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Plant Physiological Ecology

Field methods and instrumentation

  • Robert W. Pearcy
  • James R. Ehleringer
  • Harold A. Mooney
  • Philip W. Rundel

Table of contents

  1. Front Matter
    Pages i-xix
  2. Robert W. Pearcy
    Pages 15-27
  3. Philip W. Rundel, Wesley M. Jarrell
    Pages 29-56
  4. Dan Binkley, Peter Vitousek
    Pages 75-96
  5. Robert W. Pearcy
    Pages 97-116
  6. James R. Ehleringer
    Pages 117-135
  7. Robert W. Pearcy, E.-Detlef Schulze, Reiner Zimmermann
    Pages 137-160
  8. Roger T. Koide, Robert H. Robichaux, Suzanne R. Morse, Celia M. Smith
    Pages 161-183
  9. F. Stuart Chapin III, Keith Van Cleve
    Pages 185-207
  10. Christopher B. Field, J. Timothy Ball, Joseph A. Berry
    Pages 209-253
  11. C. Barry Osmond, William W. Adams III, Stanley D. Smith
    Pages 255-280
  12. James R. Ehleringer, C. Barry Osmond
    Pages 281-300
  13. John M. Norman, Gaylon S. Campbell
    Pages 301-325
  14. Nona R. Chiariello, Harold A. Mooney, Kimberlyn Williams
    Pages 327-365
  15. Martyn M. Caldwell, Ross A. Virginia
    Pages 367-398
  16. William E. Winner, Carol S. Greitner
    Pages 399-425
  17. Back Matter
    Pages 427-457

About this book

Introduction

Physiological plant ecology is primarily concerned with the function and performance of plants in their environment. Within this broad focus, attempts are made on one hand to understand the underlying physiological, biochemical and molecular attributes of plants with respect to performance under the constraints imposed by the environment. On the other hand physiological ecology is also concerned with a more synthetic view which attempts to under­ stand the distribution and success of plants measured in terms of the factors that promote long-term survival and reproduction in the environment. These concerns are not mutually exclusive but rather represent a continuum of research approaches. Osmond et al. (1980) have elegantly pointed this out in a space-time scale showing that the concerns of physiological ecology range from biochemical and organelle-scale events with time constants of a second or minutes to succession and evolutionary-scale events involving communities and ecosystems and thousands, if not millions, of years. The focus of physiological ecology is typically at the single leaf or root system level extending up to the whole plant. The time scale is on the order of minutes to a year. The activities of individual physiological ecologists extend in one direction or the other, but few if any are directly concerned with the whole space-time scale. In their work, however, they must be cognizant both of the underlying mechanisms as well as the consequences to ecological and evolutionary processes.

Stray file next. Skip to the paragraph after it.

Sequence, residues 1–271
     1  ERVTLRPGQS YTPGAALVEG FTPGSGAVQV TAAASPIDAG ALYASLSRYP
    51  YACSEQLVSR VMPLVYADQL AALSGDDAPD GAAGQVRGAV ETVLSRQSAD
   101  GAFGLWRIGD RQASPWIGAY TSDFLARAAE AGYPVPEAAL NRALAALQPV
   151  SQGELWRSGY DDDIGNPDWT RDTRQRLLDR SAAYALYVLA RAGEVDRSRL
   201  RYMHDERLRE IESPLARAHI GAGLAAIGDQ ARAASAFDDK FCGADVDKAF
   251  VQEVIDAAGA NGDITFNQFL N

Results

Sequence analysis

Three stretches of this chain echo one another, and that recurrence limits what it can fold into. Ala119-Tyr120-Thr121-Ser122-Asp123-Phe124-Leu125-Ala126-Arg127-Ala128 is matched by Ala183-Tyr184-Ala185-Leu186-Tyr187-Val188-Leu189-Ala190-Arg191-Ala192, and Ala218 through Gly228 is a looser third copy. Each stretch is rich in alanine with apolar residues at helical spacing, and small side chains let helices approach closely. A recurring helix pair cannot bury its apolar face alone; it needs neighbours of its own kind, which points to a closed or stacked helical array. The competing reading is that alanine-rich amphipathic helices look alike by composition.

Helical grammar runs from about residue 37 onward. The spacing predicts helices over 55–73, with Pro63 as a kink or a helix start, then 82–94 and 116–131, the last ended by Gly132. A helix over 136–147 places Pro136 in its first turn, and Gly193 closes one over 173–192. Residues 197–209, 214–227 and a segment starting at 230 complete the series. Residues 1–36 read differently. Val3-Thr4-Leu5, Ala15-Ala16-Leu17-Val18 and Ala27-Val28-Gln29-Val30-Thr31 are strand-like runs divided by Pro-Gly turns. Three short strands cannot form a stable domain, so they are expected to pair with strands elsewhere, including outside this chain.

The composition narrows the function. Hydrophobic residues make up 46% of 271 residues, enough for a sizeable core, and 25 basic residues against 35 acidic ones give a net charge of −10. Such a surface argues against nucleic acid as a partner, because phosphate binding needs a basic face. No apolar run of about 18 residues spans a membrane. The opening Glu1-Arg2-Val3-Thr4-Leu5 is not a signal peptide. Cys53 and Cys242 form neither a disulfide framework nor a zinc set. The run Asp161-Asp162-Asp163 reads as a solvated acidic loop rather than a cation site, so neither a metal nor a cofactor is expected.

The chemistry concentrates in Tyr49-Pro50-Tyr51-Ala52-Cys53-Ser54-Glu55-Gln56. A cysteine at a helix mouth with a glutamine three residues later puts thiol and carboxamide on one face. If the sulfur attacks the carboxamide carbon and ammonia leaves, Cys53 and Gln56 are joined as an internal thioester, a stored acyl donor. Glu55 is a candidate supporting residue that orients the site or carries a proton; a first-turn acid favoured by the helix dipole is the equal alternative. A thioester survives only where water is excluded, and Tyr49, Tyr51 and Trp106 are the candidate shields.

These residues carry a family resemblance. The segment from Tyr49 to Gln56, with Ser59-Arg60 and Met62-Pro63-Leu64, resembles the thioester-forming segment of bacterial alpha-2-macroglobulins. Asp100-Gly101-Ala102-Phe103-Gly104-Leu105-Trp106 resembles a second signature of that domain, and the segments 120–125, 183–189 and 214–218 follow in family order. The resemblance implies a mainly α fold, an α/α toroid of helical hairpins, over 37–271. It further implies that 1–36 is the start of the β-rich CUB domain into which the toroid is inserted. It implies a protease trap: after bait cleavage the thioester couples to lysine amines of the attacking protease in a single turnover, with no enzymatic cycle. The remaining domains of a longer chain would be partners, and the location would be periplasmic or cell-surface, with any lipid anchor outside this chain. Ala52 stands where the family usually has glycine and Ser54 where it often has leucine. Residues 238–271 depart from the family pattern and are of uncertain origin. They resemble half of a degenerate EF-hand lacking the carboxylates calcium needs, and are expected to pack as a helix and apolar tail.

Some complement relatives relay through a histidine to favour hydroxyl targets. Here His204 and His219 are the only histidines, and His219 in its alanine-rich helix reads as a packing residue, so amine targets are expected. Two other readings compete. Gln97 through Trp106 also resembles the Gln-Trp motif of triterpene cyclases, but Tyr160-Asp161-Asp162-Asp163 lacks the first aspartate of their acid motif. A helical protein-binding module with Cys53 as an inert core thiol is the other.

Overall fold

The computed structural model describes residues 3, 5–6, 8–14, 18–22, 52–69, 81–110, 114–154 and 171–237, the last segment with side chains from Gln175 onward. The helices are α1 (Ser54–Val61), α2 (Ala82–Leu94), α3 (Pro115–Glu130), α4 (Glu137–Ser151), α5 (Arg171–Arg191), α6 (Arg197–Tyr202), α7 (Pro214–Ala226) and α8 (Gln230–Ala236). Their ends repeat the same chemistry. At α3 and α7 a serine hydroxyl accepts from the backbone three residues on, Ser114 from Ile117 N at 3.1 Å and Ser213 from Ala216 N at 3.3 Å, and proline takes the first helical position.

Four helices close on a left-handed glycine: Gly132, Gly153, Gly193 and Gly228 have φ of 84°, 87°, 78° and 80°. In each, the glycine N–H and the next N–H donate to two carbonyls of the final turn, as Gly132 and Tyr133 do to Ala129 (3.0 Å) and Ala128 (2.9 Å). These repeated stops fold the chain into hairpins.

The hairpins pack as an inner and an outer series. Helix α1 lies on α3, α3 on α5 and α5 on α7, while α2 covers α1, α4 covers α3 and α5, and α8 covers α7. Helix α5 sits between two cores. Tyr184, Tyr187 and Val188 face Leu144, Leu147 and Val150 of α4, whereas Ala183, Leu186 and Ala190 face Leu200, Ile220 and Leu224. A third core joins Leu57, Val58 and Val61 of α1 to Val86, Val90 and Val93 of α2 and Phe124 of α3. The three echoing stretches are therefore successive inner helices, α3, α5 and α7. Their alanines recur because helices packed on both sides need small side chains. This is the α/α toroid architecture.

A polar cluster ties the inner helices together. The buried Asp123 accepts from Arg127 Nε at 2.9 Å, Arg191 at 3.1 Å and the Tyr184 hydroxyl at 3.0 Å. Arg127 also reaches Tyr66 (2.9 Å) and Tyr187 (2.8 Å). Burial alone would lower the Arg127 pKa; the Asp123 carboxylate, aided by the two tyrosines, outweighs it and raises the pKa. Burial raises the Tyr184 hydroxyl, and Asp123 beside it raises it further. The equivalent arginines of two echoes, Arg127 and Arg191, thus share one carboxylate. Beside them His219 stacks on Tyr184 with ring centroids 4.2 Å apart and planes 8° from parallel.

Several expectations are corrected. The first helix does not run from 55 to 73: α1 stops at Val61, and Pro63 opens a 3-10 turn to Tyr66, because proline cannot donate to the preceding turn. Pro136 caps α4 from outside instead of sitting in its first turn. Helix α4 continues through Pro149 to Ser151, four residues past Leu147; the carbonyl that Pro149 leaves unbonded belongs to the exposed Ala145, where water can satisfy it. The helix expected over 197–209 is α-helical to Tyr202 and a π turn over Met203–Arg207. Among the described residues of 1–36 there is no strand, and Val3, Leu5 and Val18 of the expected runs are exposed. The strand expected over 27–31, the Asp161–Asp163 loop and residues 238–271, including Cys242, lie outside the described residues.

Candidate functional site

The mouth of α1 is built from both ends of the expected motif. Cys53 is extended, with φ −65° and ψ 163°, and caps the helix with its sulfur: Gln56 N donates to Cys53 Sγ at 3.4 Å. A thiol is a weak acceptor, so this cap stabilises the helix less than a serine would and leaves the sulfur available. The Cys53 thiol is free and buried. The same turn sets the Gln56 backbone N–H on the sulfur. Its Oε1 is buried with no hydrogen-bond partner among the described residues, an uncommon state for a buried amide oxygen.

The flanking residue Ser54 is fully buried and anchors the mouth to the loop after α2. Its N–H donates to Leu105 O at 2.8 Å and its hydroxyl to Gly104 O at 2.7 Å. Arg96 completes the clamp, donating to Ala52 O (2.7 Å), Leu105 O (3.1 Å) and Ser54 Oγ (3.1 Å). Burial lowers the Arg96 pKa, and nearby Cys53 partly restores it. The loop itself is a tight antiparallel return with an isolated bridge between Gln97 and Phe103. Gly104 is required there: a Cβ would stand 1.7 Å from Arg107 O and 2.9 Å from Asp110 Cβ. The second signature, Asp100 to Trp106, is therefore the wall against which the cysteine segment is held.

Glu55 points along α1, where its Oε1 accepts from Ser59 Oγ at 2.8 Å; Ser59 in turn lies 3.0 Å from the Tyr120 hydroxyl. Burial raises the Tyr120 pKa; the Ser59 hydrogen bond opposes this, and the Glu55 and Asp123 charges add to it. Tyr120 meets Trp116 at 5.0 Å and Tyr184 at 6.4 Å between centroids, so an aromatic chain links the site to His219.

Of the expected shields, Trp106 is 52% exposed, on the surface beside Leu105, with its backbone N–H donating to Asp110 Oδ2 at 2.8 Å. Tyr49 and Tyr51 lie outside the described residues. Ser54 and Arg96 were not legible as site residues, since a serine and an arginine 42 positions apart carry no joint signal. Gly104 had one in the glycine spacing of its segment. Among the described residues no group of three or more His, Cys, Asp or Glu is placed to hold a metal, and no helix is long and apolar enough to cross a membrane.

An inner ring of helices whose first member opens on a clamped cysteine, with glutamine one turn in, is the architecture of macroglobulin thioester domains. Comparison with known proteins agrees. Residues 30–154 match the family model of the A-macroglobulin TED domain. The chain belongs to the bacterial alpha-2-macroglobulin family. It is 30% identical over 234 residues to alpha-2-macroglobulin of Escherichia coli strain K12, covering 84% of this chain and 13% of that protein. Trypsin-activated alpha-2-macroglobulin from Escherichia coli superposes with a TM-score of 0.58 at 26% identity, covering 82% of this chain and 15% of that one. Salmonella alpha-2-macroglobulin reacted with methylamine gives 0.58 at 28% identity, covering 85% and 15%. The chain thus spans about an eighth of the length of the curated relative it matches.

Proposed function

Keywords

Phosphor Transpiration Vegetation Wind classification metabolism nitrogen physiology roots temperature

Editors and affiliations

  • Robert W. Pearcy
    • 1
  • James R. Ehleringer
    • 2
  • Harold A. Mooney
    • 3
  • Philip W. Rundel
    • 4
  1. 1.Department of BotanyUniversity of CaliforniaDavisUSA
  2. 2.Department of BiologyUniversity of UtahSalt Lake CityUSA
  3. 3.Department of Biological SciencesStanford UniversityStanfordUSA
  4. 4.Laboratory of Biomedical and Environmental Sciences and Department of BiologyUniversity of CaliforniaLos AngelesUSA

Bibliographic information

  • DOI https://doi.org/10.1007/978-94-009-2221-1
  • Copyright Information Springer Science+Business Media B.V. 1989
  • Publisher Name Springer, Dordrecht
  • eBook Packages Springer Book Archive
  • Print ISBN 978-94-010-7496-4
  • Online ISBN 978-94-009-2221-1
  • Buy this book on publisher's site
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